Who has access to my online data?
What measures are being taken to protect it?
What can I do to make sure it doesn’t end up in the wrong hands?
The concerns behind these questions are rooted in our desire to maintain control over that which is valuable – a natural instinct. Placing data in the hands of cloud service providers however, puts pressure on our comfort zone and forces us to lean in favor of universal accessibility, unlimited scalability, low cost and virtually maintenance-free IT. Not such a bad deal, unless you have sensitive data to protect, and no policy around how that data interacts with the cloud. While the benefits of adopting services such as cloud storage are hard to ignore, the security and privacy of the data placed in these services does not have to remain outside of your hands – in fact, you can hold the keys.
Recent revelations in the reality of our data privacy online have brought this issue to light, but it is not a new problem. Cybercriminals have been creating malware with the intent of stealing data for years, including some variants that simply harvest the login credentials you use to access your data in the cloud. Sometimes, sensitive information can leave an organization without any spying or malware at all. Consider this scenario – you’ve adopted a cloud storage solution, such as Dropbox, and your employees are uploading documents on a daily basis and sharing links, instead of using large file attachments in their emails. This saves everyone’s inbox from a heavy hit, but you’ve got 10 different versions of your new product launch press release out there – and anyone who clicks one of the links being shared can read the document. Early one morning, one of your employees puts the wrong “Jim” on the copy line. Too bad Jim is a former employee now working for a competitor, who keeps in contact via his personal email address. We all know where that story ends.
Back to control. Who said you had to give up data privacy just because you want to use a flexible, scalable cloud storage service? Some offer encryption of your data at a premium, but once someone has login credentials, the gates are open. If your data is sensitive to your business, and you want to truly maintain control of your data in the cloud, you need to hold the keys. The encryption keys, that is.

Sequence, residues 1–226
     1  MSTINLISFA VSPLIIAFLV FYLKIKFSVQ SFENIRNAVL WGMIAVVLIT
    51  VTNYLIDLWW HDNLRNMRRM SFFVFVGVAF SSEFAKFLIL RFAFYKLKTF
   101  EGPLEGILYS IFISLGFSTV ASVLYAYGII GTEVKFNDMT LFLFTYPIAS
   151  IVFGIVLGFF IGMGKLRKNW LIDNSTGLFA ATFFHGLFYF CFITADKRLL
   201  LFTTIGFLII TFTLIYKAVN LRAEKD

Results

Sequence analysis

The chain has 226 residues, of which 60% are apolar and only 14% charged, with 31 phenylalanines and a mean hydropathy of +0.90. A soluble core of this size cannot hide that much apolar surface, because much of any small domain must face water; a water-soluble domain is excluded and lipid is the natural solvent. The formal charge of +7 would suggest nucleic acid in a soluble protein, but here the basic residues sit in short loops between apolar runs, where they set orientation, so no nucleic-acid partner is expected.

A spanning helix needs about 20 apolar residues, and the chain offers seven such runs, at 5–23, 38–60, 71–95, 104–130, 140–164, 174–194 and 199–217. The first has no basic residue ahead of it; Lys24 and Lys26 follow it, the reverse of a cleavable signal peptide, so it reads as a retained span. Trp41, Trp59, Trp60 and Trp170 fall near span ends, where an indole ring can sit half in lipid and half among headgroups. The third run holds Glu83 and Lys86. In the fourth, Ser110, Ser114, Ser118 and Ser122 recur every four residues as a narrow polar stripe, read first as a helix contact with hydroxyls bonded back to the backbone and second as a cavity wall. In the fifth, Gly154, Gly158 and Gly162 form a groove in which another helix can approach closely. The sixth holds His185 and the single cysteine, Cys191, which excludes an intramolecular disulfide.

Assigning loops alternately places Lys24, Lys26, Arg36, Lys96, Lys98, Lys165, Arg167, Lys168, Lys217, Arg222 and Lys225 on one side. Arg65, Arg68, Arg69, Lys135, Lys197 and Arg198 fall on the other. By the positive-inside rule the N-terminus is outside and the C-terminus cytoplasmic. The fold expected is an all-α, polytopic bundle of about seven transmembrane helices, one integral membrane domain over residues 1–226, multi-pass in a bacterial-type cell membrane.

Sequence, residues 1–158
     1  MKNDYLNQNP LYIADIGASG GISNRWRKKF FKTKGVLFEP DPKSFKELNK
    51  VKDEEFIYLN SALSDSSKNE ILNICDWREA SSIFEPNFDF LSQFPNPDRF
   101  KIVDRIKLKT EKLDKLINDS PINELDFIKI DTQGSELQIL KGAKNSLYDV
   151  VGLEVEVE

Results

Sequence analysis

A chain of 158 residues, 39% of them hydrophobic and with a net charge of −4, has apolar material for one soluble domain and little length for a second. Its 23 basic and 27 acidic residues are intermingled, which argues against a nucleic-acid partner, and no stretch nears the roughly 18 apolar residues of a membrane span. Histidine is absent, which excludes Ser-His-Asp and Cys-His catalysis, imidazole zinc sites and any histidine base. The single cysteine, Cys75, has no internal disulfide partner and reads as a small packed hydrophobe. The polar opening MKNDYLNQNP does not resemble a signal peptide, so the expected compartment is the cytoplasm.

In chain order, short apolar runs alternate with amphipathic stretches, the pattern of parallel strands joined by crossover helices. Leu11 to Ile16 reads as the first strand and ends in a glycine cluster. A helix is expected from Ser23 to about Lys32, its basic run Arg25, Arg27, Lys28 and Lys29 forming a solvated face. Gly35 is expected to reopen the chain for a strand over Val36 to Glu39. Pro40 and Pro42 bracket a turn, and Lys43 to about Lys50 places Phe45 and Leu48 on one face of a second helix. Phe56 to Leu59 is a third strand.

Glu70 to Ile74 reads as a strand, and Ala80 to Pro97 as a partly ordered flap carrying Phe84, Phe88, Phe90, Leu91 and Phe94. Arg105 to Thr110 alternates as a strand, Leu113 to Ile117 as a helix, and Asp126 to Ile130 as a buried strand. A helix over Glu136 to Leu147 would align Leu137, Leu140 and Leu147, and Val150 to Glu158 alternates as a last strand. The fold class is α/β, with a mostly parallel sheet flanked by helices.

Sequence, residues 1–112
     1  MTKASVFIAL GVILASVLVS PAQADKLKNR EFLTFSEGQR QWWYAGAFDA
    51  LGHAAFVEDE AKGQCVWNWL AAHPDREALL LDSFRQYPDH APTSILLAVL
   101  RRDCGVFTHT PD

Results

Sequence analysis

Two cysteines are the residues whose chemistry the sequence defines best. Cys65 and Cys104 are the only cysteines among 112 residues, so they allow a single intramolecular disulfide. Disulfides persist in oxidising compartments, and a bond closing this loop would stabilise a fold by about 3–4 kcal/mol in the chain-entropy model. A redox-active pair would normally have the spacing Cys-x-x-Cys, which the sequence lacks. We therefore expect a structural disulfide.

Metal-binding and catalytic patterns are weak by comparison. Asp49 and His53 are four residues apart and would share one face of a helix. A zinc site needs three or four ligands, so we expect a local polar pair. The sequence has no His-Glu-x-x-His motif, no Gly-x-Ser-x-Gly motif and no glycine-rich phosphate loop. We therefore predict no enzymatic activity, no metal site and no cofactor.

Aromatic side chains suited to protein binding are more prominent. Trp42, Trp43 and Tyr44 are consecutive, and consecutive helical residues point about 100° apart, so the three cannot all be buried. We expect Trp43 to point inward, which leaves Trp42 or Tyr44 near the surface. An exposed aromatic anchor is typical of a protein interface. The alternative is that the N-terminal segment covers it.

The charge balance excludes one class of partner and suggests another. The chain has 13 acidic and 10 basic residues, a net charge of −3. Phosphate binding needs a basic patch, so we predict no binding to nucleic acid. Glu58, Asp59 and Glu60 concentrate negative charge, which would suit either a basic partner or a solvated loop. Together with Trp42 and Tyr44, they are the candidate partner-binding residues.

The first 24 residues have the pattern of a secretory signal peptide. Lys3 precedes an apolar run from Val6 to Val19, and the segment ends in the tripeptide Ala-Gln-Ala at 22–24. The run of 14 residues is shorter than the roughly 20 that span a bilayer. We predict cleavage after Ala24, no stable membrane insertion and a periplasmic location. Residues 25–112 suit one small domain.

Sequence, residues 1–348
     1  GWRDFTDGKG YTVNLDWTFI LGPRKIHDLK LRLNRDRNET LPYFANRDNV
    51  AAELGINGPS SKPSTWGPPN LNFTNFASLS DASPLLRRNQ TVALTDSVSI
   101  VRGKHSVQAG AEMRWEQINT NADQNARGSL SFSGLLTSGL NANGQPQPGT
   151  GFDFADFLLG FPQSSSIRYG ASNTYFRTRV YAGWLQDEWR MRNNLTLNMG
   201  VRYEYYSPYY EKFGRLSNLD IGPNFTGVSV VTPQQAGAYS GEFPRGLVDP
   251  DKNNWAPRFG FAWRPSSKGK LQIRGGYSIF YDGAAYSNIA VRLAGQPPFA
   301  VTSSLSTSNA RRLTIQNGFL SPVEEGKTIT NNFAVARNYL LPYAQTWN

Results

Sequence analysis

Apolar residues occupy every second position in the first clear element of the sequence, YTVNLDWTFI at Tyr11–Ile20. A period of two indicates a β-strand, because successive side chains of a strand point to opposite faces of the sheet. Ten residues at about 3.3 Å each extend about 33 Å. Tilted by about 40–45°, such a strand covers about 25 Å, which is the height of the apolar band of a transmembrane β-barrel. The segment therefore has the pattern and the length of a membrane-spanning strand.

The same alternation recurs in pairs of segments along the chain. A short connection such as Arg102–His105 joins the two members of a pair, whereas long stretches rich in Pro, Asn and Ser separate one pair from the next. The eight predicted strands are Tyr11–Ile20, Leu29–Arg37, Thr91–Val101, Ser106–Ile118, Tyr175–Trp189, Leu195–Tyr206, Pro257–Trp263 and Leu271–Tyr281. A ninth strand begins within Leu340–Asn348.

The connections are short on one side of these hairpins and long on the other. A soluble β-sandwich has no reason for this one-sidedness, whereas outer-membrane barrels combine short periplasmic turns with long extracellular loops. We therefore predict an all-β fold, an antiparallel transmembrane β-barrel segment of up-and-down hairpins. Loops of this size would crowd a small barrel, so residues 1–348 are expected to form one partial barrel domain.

According to a recent survey, only 31% of companies encrypt their data before sending it to the cloud.
Recently, we’ve introduced the capability to enable this level of control with our Web Protection solution. It solves the problems laid out thus far in several ways, so I’ll start from the beginning. First we start with who has access, and to what? Using single sign-on integrated with our Web Gateway, the corporate network knows who you are, and what applications you can use. Next, when you go to your cloud storage solution, you’re automatically logged in as a registered user, no username or password to remember. Now, when you go to upload any documents, media, or any other file – the Web Gateway, which is on your premises, is going to encrypt it. That means Dropbox, or anyone else peering into your traffic, can’t see the content. The encryption keys stay on-premises, in your control. When you want to download an encrypted file, the same requirements stand. Only users authenticated to your network can decrypt files, which download just as they normally would.
Jim however, can’t download them, even if he has a direct link. Say he remembered his old login – he’d still be off-network, and out of luck. With so many routes to accessing sensitive data these days, it doesn’t hurt to take back some control over your valuable information. In fact, it can save your competitive advantage. Or your market share. At the very least, your privacy concerns.